Baltimore, MD – Police made an arrest in the murder of a Baltimore driver who confronted squeegee workers with a bat after dashcam video identified the gunman and showed the victim was walking back to his vehicle when he was attacked.
Baltimore police said that 48-year-old Timothy Reynolds was driving through the intersection of Light and East Conway streets at about 4:30 p.m. on July 7 when a man with a squeegee approached his vehicle, WTTG reported.
Baltimore Police Commissioner Michael Harrison said a confrontation erupted between the two and then Reynolds drove through the intersection and parked his vehicle, The Washington Post reported.
Commissioner Harrison said Reynolds, a married father of three children, got out of his car with a baseball bat and confronted the squeegee man.
“He swung the bat at one or more of those squeegee workers,” the commissioner initially told reporters at a press briefing after the incident.
“In return, one of the squeegee workers pulled out a gun and fired, striking this male victim,” he said.
But the dashcam video filmed by a witness who was at the intersection when the scene erupted showed Reynolds was walking away from the intersection when three squeegee workers followed him and attacked, The Baltimore Sun reported.
Another car briefly obstructed the view as the squeegee boys surrounded Reynolds and then Reynolds can be seen chasing the boys with his bat raised, according to The Baltimore Banner, the first publication to report the existence of the dashcam video.
Dashcam video showed that at the same time Reynolds went to swing his bat at one of the squeegee workers, another one threw a rock at the man’s head.
The rock hit Reynolds in the head and bounced off, The Baltimore Sun reported.
A police report said Reynolds “stumbles after being hit in the head with the rock and appears to become disoriented,” The Baltimore Banner reported.
That was when Reynolds turned around and a third squeegee worker began shooting at him.
Video showed that Reynolds began to fall to the ground after the first shot hit him, but the gunman continued shooting as he walked away and shot him four more times, The Baltimore Sun reported.
Commissioner Harrison said police don’t know whether Reynolds actually struck anyone with his bat, The Washington Post reported.
Reynolds was transported to a hospital with multiple gunshot wounds and was pronounced dead.
Police said the group of squeegee workers fled the scene, The Washington Post reported.
Officer arrested a 15-year-old suspect at about 6:35 a.m. on Thursday in Essex, CBS News reported.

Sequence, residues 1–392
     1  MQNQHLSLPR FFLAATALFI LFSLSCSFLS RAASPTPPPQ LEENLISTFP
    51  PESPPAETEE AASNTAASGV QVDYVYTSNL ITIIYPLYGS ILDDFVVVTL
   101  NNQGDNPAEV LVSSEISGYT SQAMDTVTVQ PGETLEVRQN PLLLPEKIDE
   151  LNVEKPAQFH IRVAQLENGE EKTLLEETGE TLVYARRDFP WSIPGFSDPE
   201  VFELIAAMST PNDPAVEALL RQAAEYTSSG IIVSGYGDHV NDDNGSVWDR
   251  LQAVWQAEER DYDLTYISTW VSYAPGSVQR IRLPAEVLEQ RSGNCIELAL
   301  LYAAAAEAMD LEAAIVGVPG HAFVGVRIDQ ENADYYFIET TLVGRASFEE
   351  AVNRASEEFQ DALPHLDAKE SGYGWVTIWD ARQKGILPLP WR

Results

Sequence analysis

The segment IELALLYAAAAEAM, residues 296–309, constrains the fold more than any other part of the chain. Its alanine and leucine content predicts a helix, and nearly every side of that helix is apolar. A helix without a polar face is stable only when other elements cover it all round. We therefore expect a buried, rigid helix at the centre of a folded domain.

Detectives interviewed the teen and his father on July 14 before he was taken into custody and booked into the Baltimore City intake facility.
The 15 year old is charged as an adult with the first-degree murder of Reynolds, CBS News reported.
Commissioner Harrison called the arrest “another sad reminder that guns are too easily accessible to our young people.”
“We have seen time and time again the willingness of individuals to illegally carry and use these weapons,” the police commissioner said. “And we know they make the decision to do so the moment they leave the house, not just when they pull the trigger.”
Commissioner Harrison said it was the second incident involving squeegee workers at that same intersection on the same day.
Hours before Reynolds was shot, Baltimore police confiscated a pellet gun from a squeegee worker after an altercation ensued when employees of the Mayor’s Office of African American Male Engagement were attempting to do outreach in the area, The Baltimore Sun reported.
Across town the same day, another group of squeegee workers took a woman’s cell phone from here and used a financial app to steal more than $2,000, WBFF reported.
The presence of squeegee workers on the streets of Baltimore has been a flashpoint in the community for years, The Baltimore Sun reported.
There have been numerous confrontations between drivers and the young men bearing spray bottles and squeegees who frequently accost driver’s vehicles and wash their windshields without permission and then demand payment to let them proceed.
City officials have refused to intervene and claim the presence of the squeegee workers is symptomatic of the city’s poverty problem and should be addressed with social services, The Baltimore Sun reported.
Open Baltimore Data showed there had been 69 calls for “squeegee disturbances” in the past 18 months at the intersection where Reynolds was killed.
Complaints about squeegee workers are the most common 911 calls from that intersection other than traffic crashes, The Baltimore Sun reported.